Computers are starting to become as distracting as phones. Between Slack, averaging 30 open Chrome tabs and increasing push notifications on Macs, it’s harder to focus.
I am a heavy user of Alfred, the Mac hotkey tool that helps with shortcuts and searching for files. When they released Alfred 3, with the ability to build custom workflows, I got the idea to start building productivity workflows to solve the distractions I was having. After 8 months of solving my productivity problem with a bunch of custom scripts, like one that closed all open applications and only opened my to-do app when I typed “start work” into Alfred, I had a great workflow going. It was after sharing my experience with some friends that asked for the workflows when I decided to turn it into a product.
Because I already built out the Alfred workflows to solve my own problem, the real work was packaging them up in a way that would make it easy for others to adopt them. Inside of Alfred, I polished the workflows up and added notes where users could add custom workflow options, and then recorded a quick series of videos explaining what each one did. For the product itself, I put the videos and a ZIP file of the workflows behind a paywall using Podia as the host and was ready to launch.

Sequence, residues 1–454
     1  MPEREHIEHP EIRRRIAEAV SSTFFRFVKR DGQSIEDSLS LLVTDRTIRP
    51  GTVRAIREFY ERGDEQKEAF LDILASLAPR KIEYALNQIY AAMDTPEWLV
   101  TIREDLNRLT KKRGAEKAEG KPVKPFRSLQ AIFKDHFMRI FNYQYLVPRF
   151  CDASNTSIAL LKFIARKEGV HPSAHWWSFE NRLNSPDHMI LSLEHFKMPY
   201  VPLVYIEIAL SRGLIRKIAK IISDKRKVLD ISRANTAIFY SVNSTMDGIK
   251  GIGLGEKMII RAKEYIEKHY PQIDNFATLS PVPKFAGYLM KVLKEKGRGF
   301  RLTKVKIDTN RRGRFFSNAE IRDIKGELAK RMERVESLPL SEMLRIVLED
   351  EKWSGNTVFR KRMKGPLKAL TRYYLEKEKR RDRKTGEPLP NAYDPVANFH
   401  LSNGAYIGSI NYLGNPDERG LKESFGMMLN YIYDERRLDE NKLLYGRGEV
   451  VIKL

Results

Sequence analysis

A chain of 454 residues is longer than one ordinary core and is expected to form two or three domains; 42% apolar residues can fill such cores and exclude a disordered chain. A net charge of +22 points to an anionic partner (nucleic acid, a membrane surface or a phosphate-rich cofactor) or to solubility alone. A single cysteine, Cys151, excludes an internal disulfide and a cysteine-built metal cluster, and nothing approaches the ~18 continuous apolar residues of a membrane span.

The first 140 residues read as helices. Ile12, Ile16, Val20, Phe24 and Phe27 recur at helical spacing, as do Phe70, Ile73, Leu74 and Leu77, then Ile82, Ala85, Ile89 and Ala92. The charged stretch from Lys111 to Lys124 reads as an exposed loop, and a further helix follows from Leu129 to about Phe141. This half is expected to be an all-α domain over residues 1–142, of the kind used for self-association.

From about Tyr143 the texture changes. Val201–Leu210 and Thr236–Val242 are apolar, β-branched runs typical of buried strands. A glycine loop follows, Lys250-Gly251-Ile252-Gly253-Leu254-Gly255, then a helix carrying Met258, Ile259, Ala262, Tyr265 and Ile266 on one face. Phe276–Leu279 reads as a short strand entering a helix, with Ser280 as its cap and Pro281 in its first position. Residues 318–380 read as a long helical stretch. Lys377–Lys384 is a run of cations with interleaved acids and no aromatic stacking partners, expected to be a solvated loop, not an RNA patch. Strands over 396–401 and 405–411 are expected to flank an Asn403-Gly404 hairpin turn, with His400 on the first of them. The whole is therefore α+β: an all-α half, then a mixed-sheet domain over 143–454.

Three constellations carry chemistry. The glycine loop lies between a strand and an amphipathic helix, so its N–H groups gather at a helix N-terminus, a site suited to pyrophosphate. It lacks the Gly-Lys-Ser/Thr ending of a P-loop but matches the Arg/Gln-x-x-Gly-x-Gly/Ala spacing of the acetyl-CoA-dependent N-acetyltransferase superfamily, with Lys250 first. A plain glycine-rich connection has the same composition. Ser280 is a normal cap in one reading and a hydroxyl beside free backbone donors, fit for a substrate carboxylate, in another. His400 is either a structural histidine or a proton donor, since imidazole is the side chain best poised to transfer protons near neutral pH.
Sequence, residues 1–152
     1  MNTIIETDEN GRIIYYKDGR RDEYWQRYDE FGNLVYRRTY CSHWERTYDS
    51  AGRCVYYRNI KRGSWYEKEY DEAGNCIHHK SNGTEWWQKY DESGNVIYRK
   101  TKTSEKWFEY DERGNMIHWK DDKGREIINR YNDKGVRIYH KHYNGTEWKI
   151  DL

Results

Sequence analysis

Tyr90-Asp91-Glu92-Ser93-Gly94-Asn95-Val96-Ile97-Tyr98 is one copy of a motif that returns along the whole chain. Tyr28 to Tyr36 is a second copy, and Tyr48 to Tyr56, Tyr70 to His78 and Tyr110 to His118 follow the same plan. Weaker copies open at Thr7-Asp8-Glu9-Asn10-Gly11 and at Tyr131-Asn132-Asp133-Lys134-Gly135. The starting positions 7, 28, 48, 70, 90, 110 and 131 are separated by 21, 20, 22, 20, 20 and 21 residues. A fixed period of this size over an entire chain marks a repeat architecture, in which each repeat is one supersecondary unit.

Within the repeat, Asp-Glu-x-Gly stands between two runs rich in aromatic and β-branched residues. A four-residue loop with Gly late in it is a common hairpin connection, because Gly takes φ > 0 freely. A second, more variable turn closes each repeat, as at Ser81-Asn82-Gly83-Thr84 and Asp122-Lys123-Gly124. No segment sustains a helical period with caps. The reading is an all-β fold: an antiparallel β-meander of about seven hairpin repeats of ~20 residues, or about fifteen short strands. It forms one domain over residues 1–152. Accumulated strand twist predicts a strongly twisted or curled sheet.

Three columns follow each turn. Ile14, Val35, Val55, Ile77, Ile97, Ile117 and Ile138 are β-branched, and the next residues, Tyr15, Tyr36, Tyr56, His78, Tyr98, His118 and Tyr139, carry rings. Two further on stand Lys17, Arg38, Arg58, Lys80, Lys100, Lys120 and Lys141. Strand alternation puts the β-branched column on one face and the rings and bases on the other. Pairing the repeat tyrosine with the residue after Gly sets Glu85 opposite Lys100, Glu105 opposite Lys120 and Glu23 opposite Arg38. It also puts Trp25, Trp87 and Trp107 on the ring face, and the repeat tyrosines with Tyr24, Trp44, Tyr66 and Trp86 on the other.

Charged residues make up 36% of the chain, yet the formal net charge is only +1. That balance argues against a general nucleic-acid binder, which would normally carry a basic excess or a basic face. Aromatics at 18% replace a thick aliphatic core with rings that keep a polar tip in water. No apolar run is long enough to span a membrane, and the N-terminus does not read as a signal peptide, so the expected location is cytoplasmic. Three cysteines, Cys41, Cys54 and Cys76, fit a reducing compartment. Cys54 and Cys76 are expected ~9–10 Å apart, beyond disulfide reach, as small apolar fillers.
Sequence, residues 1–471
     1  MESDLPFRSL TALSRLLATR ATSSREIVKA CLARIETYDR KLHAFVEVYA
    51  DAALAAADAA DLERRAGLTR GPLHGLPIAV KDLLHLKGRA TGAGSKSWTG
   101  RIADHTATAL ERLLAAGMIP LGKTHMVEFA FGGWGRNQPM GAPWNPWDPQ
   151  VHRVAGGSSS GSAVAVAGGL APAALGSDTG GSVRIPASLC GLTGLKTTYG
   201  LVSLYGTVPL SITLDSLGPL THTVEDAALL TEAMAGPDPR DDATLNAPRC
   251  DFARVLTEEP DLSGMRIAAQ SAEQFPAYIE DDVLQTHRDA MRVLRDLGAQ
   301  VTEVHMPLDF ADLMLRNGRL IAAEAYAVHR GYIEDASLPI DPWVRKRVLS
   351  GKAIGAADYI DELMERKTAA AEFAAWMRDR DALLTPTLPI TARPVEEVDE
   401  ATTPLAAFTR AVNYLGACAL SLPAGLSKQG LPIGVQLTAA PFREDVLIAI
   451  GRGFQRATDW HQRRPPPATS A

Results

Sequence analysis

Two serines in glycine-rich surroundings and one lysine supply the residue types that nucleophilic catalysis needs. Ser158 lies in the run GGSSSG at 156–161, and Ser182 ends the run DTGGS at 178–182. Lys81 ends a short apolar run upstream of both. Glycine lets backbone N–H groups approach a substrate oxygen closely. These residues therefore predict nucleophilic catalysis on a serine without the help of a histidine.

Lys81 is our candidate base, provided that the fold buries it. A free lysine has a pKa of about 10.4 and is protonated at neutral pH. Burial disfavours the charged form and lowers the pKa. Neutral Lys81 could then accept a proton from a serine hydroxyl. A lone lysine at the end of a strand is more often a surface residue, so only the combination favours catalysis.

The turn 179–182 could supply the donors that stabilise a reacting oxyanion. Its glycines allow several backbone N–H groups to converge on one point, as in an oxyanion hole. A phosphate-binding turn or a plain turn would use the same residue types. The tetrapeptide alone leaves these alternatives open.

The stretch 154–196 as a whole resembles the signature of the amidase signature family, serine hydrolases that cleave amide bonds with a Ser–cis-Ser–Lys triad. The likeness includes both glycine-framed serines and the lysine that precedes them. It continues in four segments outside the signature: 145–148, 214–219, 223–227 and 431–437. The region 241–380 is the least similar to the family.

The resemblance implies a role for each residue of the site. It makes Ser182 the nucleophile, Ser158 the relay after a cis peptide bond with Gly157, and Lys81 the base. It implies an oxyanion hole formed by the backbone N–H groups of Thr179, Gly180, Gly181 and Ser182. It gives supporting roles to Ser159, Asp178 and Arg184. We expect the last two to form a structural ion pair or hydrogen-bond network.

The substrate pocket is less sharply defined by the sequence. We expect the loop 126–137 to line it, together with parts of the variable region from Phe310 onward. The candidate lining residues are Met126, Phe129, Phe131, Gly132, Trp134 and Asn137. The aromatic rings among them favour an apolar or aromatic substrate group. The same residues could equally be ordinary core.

I launched on Product Hunt, Designer News and a few other places where Alfred users hung out, and did about $1000 in sales in the first week. It was relatively little effort spent on the launch, and word of mouth on social media did most of the heavy lifting for me.
Why it succeeded:
I think some of the best businesses start with someone just trying to solve their own problem, and this is the case here. I didn’t even think I was building a product at first, just a way to streamline my workflow. However, a great piece of advice I got from Derek Sivers rings true here: “if your friends are asking you for it, and it’s helping them, then it’s a business.”
Because this was a combination of an information product and series of workflows I custom built with Alfred’s script editor, it’s a relatively easy business to replicate as well. The best thing you can do for your entrepreneurial mind is talking about what you’re working on, how you’re working on it, and always ask for feedback. There’s gotta be something you’re doing differently that could help others. Like all information products, there’s a business there.